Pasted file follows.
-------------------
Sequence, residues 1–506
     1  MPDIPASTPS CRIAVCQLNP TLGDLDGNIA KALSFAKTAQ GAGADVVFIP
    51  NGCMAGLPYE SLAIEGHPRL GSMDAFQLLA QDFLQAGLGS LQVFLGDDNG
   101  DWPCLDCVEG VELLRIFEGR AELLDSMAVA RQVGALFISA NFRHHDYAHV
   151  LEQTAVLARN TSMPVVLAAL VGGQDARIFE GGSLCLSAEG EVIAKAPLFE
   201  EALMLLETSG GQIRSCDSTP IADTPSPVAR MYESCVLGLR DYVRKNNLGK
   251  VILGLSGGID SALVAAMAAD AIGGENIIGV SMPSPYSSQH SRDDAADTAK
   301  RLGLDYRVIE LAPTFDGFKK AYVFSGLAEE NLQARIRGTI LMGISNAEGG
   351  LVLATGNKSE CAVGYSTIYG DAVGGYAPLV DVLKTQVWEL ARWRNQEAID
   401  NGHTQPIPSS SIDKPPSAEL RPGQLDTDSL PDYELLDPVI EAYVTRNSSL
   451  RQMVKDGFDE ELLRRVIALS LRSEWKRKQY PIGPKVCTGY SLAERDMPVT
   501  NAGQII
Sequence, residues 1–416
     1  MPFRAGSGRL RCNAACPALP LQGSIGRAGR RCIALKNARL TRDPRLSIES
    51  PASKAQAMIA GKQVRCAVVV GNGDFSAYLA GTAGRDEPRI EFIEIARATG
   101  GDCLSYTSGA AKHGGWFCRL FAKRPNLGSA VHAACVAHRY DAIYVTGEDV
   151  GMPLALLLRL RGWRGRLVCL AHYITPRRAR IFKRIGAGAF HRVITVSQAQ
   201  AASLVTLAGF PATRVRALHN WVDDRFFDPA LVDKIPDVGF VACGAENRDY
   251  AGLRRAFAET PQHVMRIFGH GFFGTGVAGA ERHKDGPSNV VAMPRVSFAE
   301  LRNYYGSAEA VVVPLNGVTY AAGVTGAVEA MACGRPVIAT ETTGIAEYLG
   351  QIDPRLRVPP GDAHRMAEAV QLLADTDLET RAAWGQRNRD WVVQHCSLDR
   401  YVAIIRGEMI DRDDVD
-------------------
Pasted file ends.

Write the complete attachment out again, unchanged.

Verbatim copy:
Sequence, residues 1–506
     1  MPDIPASTPS CRIAVCQLNP TLGDLDGNIA KALSFAKTAQ GAGADVVFIP
    51  NGCMAGLPYE SLAIEGHPRL GSMDAFQLLA QDFLQAGLGS LQVFLGDDNG
   101  DWPCLDCVEG VELLRIFEGR AELLDSMAVA RQVGALFISA NFRHHDYAHV
   151  LEQTAVLARN TSMPVVLAAL VGGQDARIFE GGSLCLSAEG EVIAKAPLFE
   201  EALMLLETSG GQIRSCDSTP IADTPSPVAR MYESCVLGLR DYVRKNNLGK
   251  VILGLSGGID SALVAAMAAD AIGGENIIGV SMPSPYSSQH SRDDAADTAK
   301  RLGLDYRVIE LAPTFDGFKK AYVFSGLAEE NLQARIRGTI LMGISNAEGG
   351  LVLATGNKSE CAVGYSTIYG DAVGGYAPLV DVLKTQVWEL ARWRNQEAID
   401  NGHTQPIPSS SIDKPPSAEL RPGQLDTDSL PDYELLDPVI EAYVTRNSSL
   451  RQMVKDGFDE ELLRRVIALS LRSEWKRKQY PIGPKVCTGY SLAERDMPVT
   501  NAGQII
Sequence, residues 1–416
     1  MPFRAGSGRL RCNAACPALP LQGSIGRAGR RCIALKNARL TRDPRLSIES
    51  PASKAQAMIA GKQVRCAVVV GNGDFSAYLA GTAGRDEPRI EFIEIARATG
   101  GDCLSYTSGA AKHGGWFCRL FAKRPNLGSA VHAACVAHRY DAIYVTGEDV
   151  GMPLALLLRL RGWRGRLVCL AHYITPRRAR IFKRIGAGAF HRVITVSQAQ
   201  AASLVTLAGF PATRVRALHN WVDDRFFDPA LVDKIPDVGF VACGAENRDY
   251  AGLRRAFAET PQHVMRIFGH GFFGTGVAGA ERHKDGPSNV VAMPRVSFAE
   301  LRNYYGSAEA VVVPLNGVTY AAGVTGAVEA MACGRPVIAT ETTGIAEYLG
   351  QIDPRLRVPP GDAHRMAEAV QLLADTDLET RAAWGQRNRD WVVQHCSLDR
   401  YVAIIRGEMI DRDDVD